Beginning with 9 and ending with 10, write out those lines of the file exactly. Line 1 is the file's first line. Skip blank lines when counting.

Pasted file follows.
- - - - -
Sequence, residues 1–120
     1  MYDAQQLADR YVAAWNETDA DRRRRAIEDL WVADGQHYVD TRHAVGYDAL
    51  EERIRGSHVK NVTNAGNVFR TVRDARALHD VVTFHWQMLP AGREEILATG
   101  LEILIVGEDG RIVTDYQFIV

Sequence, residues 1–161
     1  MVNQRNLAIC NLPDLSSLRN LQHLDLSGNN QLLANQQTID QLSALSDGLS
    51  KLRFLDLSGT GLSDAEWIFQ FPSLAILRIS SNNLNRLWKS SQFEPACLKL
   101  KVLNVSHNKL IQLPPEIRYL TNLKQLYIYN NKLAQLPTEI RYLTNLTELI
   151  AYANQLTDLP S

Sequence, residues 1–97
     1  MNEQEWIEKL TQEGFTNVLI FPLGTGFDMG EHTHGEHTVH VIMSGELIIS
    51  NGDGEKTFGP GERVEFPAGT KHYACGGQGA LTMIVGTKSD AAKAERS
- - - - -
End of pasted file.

   151  AYANQLTDLP S

Sequence, residues 1–97